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The Sacred Heart Language College


Curriculum Statement – Drama

“Confident in God’s love for us, we commit ourselves to his service”


The vision of the Drama department is to encourage students to develop a passion for Theatre, Drama and Performance. Drama gives all students a chance to develop culturally, emotionally, intellectually, socially, spiritually and allowing them to express and accept the opinions of others. We believe Drama lessons can play a key role in such development as during the schemes of work the students play out different identities and personalities. They learn about themselves and the world in which they live. It is a vibrant part of the curriculum that sits comfortably alongside English. Through the carefully designed curriculum and programmes of study students develop an understanding theory and practical side of Theatre and Drama. At the same time students are developing essential transferable life skills such as: empathy, co-operation, creativity and confidence.


Drama plays a special part of the KS3 Curriculum. Through Drama students learn

  • to speak fluently so that they can communicate their ideas and emotions to others o to communicate in a sophisticated way.
  • to listen as an audience and become a part of a cultural event.

We believe that oracy skills are vital for all students to be able to access the curriculum. In Drama we actively teach students how to use their voices in a wide range of meaningful ways. We show them how to use a range of different discourses. They learn how to use pitch, tone and volume to add texture to their voices. Above all they learn how to hear their own voice, feel empowered by the sound they can make. They learn to see the potency of their voice for their audiences. To fully equip our students, we teach them how to decode the vocabulary needed to excel in Drama. We also work on their literacy skills in reading and writing about drama. All the skills of language are essential to participating fully as a member of society; students, therefore, who do not learn to confidently speak, listen and perform are effectively disenfranchised.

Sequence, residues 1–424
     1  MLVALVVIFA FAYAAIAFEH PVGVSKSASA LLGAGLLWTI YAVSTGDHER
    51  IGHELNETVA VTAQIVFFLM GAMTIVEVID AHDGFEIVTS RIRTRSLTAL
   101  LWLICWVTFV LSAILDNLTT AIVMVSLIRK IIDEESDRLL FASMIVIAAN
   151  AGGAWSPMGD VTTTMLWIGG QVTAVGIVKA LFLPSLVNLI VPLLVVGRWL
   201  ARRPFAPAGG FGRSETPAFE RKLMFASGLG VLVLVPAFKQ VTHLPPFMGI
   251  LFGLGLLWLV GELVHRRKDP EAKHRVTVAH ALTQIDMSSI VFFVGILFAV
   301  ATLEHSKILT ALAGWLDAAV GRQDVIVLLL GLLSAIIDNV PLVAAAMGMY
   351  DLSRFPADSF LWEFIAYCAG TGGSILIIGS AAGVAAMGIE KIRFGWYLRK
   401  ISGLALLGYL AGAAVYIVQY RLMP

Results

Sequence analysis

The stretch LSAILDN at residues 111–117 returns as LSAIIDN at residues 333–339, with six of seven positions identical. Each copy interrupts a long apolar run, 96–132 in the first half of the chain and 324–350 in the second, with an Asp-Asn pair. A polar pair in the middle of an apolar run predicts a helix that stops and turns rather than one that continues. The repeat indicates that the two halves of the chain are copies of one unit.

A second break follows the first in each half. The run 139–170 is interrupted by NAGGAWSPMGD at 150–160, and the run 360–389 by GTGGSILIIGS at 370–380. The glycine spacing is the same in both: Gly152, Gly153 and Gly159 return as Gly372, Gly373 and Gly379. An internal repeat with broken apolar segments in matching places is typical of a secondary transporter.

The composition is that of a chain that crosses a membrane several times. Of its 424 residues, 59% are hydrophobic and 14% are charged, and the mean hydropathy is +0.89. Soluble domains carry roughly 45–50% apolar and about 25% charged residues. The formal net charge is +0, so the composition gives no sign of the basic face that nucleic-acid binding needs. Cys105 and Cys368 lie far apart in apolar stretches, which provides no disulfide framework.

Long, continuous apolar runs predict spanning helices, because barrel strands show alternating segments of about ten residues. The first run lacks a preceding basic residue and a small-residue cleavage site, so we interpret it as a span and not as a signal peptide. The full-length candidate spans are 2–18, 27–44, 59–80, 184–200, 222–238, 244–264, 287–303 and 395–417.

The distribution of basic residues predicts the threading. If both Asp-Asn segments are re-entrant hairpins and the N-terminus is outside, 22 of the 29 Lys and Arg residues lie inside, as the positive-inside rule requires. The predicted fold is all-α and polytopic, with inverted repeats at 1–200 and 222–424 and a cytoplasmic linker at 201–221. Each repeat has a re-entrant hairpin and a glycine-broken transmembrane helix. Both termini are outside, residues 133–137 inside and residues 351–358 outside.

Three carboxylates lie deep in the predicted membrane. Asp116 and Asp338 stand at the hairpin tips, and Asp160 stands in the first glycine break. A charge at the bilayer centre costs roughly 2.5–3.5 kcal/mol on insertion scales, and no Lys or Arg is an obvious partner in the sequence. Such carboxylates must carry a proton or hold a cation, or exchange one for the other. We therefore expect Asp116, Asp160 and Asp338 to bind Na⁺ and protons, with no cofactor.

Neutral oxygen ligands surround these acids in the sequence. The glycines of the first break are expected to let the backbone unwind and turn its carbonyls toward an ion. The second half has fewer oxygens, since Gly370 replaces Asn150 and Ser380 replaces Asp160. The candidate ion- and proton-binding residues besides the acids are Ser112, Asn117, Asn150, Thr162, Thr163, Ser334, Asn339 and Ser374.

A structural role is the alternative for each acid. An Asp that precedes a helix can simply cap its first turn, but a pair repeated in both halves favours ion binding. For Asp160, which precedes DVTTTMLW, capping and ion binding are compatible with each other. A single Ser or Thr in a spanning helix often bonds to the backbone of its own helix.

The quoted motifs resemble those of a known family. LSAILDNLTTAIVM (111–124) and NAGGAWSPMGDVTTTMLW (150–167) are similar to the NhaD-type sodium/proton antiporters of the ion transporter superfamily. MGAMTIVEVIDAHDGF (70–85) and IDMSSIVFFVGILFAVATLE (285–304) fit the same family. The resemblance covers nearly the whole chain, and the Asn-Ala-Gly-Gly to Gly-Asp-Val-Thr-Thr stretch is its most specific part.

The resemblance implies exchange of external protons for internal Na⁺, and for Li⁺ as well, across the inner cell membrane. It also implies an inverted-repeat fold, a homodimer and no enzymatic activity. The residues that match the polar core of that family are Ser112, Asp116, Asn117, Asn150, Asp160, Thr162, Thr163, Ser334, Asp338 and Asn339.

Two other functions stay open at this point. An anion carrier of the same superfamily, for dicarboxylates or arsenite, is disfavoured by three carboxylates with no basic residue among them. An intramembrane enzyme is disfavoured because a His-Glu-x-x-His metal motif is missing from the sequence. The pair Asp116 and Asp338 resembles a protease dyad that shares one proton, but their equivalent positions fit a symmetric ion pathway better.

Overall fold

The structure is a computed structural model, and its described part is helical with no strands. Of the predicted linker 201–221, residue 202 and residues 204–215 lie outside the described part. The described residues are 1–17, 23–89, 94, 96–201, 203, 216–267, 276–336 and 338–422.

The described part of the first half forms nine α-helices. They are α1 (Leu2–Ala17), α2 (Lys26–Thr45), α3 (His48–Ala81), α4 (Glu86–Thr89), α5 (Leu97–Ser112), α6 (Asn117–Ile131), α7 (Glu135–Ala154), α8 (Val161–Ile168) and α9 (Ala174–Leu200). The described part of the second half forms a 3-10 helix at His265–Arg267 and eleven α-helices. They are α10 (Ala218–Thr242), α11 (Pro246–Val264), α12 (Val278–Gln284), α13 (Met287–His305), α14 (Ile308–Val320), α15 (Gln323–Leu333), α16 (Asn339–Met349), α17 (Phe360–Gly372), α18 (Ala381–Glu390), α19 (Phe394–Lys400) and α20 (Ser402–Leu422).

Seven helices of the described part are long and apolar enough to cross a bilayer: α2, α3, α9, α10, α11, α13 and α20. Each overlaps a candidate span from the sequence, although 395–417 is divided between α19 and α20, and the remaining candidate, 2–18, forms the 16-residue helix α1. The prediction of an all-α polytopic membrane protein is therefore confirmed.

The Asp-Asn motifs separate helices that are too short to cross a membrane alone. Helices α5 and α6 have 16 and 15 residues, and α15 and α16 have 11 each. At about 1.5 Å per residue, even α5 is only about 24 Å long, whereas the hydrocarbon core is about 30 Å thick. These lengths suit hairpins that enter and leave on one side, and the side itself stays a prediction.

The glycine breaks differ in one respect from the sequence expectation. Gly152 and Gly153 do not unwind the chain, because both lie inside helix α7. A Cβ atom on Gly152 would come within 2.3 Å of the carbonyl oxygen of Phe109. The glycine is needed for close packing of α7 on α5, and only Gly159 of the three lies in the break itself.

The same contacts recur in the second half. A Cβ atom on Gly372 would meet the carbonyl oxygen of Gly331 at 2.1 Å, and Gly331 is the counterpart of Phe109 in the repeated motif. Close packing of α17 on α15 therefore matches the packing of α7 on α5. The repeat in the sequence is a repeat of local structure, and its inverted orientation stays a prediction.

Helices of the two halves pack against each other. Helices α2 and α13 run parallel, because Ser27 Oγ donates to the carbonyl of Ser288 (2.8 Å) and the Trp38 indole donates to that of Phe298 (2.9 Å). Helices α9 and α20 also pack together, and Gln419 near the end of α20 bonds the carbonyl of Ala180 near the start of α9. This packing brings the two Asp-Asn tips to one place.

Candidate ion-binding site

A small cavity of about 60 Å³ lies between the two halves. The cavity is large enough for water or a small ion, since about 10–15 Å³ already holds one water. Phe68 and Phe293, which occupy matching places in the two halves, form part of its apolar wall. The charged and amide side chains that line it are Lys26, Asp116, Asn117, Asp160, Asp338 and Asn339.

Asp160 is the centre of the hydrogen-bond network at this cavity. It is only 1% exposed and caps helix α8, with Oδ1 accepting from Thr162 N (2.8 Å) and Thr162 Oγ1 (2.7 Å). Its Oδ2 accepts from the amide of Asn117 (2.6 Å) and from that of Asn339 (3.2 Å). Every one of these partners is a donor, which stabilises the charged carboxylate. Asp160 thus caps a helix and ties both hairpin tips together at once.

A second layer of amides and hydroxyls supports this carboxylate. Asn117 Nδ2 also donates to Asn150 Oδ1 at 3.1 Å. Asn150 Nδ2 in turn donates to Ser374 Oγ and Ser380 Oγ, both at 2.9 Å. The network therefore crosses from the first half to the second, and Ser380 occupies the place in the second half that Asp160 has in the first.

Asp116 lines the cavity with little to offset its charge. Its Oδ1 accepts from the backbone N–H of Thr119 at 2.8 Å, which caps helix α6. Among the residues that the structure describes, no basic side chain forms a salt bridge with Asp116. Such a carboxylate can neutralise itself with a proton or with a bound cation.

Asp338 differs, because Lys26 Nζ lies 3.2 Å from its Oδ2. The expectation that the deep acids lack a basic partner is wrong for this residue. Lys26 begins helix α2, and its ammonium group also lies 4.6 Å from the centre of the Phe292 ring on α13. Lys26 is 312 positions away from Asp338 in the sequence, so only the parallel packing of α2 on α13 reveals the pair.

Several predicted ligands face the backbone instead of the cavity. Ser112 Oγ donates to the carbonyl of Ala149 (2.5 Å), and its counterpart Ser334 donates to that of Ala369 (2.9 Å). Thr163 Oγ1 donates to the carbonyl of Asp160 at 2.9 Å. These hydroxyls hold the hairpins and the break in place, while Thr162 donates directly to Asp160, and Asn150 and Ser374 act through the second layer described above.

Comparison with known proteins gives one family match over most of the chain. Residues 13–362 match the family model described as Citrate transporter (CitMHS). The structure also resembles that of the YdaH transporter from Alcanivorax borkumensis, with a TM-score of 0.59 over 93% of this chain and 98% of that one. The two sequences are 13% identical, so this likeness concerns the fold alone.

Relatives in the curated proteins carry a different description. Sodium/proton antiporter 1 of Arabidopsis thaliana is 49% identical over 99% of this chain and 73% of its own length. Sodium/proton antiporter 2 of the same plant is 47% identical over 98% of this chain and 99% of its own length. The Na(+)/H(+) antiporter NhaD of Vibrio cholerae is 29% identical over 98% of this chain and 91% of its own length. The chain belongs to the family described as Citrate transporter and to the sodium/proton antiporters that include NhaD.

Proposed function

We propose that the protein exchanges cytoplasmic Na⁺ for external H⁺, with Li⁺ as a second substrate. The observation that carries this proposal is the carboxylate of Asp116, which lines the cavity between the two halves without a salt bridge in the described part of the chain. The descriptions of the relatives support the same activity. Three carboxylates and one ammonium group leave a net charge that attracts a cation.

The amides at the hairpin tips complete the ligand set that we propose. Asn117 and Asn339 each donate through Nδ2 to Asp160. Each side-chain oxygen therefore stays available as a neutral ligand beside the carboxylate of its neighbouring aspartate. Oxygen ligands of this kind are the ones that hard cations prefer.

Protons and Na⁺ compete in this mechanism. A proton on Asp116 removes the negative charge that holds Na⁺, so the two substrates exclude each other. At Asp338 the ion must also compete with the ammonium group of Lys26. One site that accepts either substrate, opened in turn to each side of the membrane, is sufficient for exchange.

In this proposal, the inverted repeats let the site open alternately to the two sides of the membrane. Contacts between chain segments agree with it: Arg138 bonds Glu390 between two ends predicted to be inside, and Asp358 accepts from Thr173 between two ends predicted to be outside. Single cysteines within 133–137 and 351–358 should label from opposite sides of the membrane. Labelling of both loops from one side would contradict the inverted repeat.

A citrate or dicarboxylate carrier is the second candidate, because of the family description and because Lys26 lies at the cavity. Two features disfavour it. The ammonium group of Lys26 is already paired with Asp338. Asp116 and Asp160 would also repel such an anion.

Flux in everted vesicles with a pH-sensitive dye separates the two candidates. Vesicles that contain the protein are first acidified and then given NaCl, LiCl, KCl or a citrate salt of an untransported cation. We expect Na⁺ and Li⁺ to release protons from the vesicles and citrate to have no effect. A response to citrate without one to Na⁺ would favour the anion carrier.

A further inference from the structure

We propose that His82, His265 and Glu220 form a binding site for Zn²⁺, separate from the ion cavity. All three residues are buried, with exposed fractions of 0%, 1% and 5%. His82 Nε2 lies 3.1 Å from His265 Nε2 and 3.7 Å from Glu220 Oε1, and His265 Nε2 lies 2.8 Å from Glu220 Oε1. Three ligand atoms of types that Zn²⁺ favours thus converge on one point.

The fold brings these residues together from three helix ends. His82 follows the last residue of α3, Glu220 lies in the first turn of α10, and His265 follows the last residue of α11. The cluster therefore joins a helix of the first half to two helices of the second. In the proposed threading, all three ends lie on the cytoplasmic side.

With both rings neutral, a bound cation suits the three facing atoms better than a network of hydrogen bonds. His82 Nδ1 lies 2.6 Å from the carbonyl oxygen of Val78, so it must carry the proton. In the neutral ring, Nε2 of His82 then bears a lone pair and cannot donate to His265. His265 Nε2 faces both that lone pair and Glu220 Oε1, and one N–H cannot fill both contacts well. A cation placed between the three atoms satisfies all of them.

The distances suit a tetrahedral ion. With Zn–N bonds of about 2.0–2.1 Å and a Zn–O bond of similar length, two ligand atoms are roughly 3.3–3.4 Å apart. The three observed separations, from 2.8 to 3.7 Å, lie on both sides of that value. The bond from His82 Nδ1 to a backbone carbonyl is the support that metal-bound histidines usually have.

All KS3 students have a lesson of Drama each week. The lessons are carried out in the Drama studio. In this space they learn about the power of performance and how to be a supportive audience member. In year 7 the students start to learn how to perform as a group. They work on modernising fairy tales, adapt extracts of Charles Dickens for the stage, prepare mini melodramas and learn how to write their own plays about real life situations. The course is designed to encourage students to discover their creative voice at the same time as learning how to work collaboratively with others. At the end of all schemes of work the students write up evaluations of their own performance and assess how well their thoughts and ideas were realised on the stage. It is this evaluation of their ideas that highlights to them the academic rigor required to achieve in Drama. Their written work demystifies the creative process all playwrights and screenplay writers work through in the creative process.

In year 8 the students learn about the history of the theatre from the ancient Greeks to the modern times. There is also a new added focus on the conventions of theatrical design. They work on scripts and screenplays from Roald Dahl's magical books and weave their own stories. This year actively encourages the girls to explore the craft behind great shows and performances.

Year 9 starts with a unit on "Devising". This is component 2 of the Edexcel GCSE. The unit gives the students an opportunity to see what GCSE Drama could be like and to help inform them of their option choices. After this unit students study a modern award winning adaptation of "The Curious Incident of the Dog in the Night time." They analyse how the script has been written, how the micro elements of theatrical design help enthral audiences all around the world. After this analytical work the students work on how a stage can be filled by just one voice. They work on a series of monologues.


Students love the freedom that Drama gives them for self-expression. They find the rigor of academic analysis of scripts and screenplays very intriguing. Reading scripts that have been written by major playwrights, that have been produced on the National stage, is inspiring. Many students have shown a desire to continue Drama into GCSE. The course is oversubscribed.